Pedestrian blues

They vanish into cigarette kiosks, tea stalls and vegetable and fruit stalls.

You have heard of vanishing trees, vanishing tigers, vanishing natural resources, et al. But have you heard of vanishing pavements?

They often vanish into pan, cigarette kiosks, tea stalls, vegetable and fruit stalls, not to mention open eateries and hutments. In Mumbai, 30 per cent of its population lives on them. The city’s bus stops devour a significant portion of them. They are thus increasingly becoming an endangered species in Mumbai – may be in other metros too. If the present trend continues Mumbai’s pavements will become history. Where pavements exist, the problem is to keep them in good repair. And there lies the rub.Presently pavements in Mumbai serve several other purposes than walking -- sleeping, answering nature’s calls and so numerously on.

They are very accommodating. The needy always find lodgings there! I have once overheard a pavement dweller giving someone, may be his friend or relation, over cellphone the address of his dwelling. ‘Look, it is opposite the flyover that overlooks the shopping mall on the other side of the road,’ he was saying. ‘Come over and have your house set up here before someone else laps up the place,’ he said invitingly in words laced with urgency and caution! Alas, the wages of not addressing the housing needs of the poor is their seeking shelter at unbecoming places.

Do you know another feature of Mumbai’s pavements which haven’t yet yielded to man’s nest - read house - building instincts and entrepreneurial skills? They have the unique ability to swallow men and animals. Not kidding. The footpaths keep their mouths open as if they were giant monsters expectantly waiting for their prey.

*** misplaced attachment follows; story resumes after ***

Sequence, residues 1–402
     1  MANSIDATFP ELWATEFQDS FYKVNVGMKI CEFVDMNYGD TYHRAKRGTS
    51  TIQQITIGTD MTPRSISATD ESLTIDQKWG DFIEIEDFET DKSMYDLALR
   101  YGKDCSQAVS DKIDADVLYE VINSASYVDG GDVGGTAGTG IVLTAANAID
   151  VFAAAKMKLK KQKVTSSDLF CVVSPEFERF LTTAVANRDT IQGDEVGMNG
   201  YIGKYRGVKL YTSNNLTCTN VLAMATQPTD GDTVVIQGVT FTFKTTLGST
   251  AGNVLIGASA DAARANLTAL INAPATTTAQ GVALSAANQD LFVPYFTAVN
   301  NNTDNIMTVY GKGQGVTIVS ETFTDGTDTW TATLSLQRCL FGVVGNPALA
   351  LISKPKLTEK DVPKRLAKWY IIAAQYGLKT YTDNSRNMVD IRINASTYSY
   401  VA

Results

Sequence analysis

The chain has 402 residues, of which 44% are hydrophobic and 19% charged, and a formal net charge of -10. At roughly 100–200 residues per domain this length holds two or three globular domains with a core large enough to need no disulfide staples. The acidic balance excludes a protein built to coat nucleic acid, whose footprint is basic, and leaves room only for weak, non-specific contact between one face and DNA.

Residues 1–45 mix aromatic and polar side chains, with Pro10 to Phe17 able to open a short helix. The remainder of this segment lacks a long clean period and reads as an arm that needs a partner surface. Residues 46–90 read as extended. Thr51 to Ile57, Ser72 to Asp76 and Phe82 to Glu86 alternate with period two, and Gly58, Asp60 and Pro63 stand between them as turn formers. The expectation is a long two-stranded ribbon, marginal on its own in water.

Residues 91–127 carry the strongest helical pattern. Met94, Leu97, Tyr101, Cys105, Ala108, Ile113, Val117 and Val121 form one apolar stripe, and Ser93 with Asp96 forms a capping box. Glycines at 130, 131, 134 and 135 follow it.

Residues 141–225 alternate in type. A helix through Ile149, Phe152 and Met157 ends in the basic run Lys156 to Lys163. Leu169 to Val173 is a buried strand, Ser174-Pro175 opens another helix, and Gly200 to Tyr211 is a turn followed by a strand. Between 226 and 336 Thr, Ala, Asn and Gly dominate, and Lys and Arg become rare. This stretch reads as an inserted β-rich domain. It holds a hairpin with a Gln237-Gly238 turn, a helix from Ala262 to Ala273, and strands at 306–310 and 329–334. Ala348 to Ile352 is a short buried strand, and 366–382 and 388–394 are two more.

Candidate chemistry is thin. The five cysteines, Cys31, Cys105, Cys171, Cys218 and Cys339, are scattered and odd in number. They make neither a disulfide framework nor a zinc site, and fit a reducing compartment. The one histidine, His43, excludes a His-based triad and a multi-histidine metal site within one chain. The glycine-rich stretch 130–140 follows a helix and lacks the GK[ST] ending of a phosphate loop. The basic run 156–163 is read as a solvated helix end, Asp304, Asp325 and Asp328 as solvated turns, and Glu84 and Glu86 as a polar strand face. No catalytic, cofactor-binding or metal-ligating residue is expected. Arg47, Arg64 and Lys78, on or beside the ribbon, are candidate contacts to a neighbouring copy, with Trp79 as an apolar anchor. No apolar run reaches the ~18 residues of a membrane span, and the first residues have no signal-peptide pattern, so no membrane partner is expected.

Animals are not expected to walk on the pavements.  However, they do because they lack civic sense! Thus occasionally, they pay for their folly either with dear lives or injuries to themselves by falling into these holes. But why should people whose legitimate right it is to walk on footpaths, well, only on footpaths, find themselves falling into manholes? 

When the scary, infamous 26/7 floods that inundated Mumbai, several deaths were caused by the uncapped manholes. Roads and footpaths were drowned in water, and people who were forced to wade through it found themselves being sucked into the gaping manholes. Civic officials passed the buck. They attributed the lack of manhole caps to increasing incidence of theft. Undoubtedly, for the thieves, unfastened manhole caps are too alluring to resist filching.

Even if you are a stickler for road discipline and scruple to walk on the roads, the ill-maintained sidewalks often force you to abandon them and use the former. So in Mumbai, the roads are becoming pedestrian walkways, slowly but surely.  And it is difficult to see the vehicles for pedestrians. The roads are thus overwhelmed with pedestrians. And accidents happen not because vehicles hit the pedestrians. It is the other way round – pedestrians hit the vehicles.

After a visit to Thiruvananthapuram in the late fifties, British author Arthur Koestler wrote in his book, The Lotus and the Robot, ‘Trivandrum looked like the suburb of a non-existent city.’ Mumbai’s roads, to paraphrase Koestler, look like pavements of nonexistent roads!

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